Gambling Licence Fees to Increase in Britain
Following the industry consultation regarding the funding of the Gambling Commission in Britain, the country’s regulatory body, an increase in licensing fees for gambling operators has been proposed of up to 55%.
The DCMS, Department for Digital, Culture, Media, and Sport, has put forward the licence fee increase within its published response to the consultation.
The Consultation and Its Proposals
The DCMS held its consultation on proposals to change the fees collected by the Gambling Commission between January 29 and March 26. It was done for the industry to address the need to allow the Commission to be better funded, something it requires to address regulation changes more adequately.
The consultation document was published, and in it, the DCMS argued that the GC faced three pertinent challenges in the upcoming months. The challenges are an increase in technological developments, the threat posed by the black market (unlicenced) gambling operators, and the fact that those businesses the Commission is tasked with regulating are usually huge global entities.
Given those challenges, the DCMS consultation has proposed an increase in licence fee costs. That increase could be up to 55% on all remote operating licence fees, effective from October 1, 2021.
New licence applications made to the Gambling Commission will come with an increased cost of 60%, while steps are to be taken to simplify the system used to collect such fees. The consultation proposes removing the current annual fee discount for those companies considered to be a combined land-based and online organisation.
Licences for non-remote operators are set to go up by some 15%, though implementing that particular increase may not be possible until April 1, 2022, owing to the losses taken by the land-based gambling sector in Britain following the outbreak of COVID-19. Since March 2020, casinos, betting shops, and bingo halls have spent a long time with their doors firmly closed.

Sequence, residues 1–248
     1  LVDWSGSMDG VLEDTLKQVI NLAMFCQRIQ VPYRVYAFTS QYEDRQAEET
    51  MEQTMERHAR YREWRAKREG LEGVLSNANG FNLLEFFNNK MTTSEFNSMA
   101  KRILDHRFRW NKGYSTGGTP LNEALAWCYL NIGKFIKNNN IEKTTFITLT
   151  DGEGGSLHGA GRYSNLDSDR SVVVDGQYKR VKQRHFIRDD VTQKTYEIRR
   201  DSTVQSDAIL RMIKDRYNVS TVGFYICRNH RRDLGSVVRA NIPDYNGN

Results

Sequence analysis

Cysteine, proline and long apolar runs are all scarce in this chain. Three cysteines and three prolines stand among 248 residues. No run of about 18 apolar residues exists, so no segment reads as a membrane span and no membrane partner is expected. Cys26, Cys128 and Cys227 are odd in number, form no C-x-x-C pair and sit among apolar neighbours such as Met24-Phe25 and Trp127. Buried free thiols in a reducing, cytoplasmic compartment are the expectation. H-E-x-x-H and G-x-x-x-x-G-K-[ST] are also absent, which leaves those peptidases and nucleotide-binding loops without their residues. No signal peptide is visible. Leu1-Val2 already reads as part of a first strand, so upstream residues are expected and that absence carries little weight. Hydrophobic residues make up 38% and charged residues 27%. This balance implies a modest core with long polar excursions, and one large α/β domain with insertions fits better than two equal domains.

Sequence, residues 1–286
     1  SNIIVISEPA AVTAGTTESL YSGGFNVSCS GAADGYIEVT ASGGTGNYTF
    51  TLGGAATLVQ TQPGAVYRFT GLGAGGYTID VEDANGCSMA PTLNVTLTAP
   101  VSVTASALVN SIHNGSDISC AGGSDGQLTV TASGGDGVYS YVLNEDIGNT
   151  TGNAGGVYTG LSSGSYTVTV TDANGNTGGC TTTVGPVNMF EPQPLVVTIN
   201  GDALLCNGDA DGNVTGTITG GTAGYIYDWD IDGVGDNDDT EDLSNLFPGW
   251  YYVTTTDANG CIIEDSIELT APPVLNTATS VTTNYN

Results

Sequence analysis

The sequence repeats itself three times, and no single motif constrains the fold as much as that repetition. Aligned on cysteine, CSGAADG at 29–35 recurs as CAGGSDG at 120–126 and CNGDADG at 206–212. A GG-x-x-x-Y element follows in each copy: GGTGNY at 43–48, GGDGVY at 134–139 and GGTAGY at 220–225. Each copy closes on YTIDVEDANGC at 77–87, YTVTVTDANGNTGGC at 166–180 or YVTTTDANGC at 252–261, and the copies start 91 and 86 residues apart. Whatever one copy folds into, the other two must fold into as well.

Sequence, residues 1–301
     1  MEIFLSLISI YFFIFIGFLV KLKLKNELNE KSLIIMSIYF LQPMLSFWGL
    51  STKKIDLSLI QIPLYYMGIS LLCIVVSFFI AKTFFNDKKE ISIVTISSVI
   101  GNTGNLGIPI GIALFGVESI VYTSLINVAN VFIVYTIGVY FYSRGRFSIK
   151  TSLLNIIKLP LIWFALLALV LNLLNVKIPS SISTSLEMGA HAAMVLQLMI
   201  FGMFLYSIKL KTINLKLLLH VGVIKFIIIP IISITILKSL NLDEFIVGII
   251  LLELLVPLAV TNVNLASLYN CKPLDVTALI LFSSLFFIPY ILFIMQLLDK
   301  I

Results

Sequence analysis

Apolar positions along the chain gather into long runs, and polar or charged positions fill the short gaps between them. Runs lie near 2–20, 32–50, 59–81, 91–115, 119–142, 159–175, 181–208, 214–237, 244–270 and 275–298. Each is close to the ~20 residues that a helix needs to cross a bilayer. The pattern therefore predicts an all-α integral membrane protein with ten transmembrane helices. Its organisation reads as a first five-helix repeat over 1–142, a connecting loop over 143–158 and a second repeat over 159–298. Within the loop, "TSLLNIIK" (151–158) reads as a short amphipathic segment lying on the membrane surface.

Government to Proceed with Consultation Recommendations
In its published consultation document, the DCMS has said that the government will implement all of the proposals put forward, possibly except for two areas in which there may be small amendments. Those amendments concern fee regulations.
The proposed amendments are said to be a provision to allow no variation fees to be charged in some circumstances. This would be done to make sure that fee regulations are in line with the UK’s GDPR, meaning an increase to £40 from £25 in the Single Machine Permit fee.
Changes Could be in Place Before the End of the Year
The changes proposed to licence fees will be enforced by secondary legislation. The first of them may be in place by October 1, with changes affecting the increase to annual fees for remote operators, increases to any and all licence application and variation fees, and the discontinuation of previously given annual fee discounts for those with combined or multiple licences.
Waiting a little later maybe the increase to annual fees for licences applied for by non-remote entities, which could be introduced as mentioned on April 1.
The Gambling Commission has spoken out to say they welcome the proposal and the recommendations put forward. The fee increases, meaning they can continue to regulate effectively considering the challenging environment the industry finds itself in.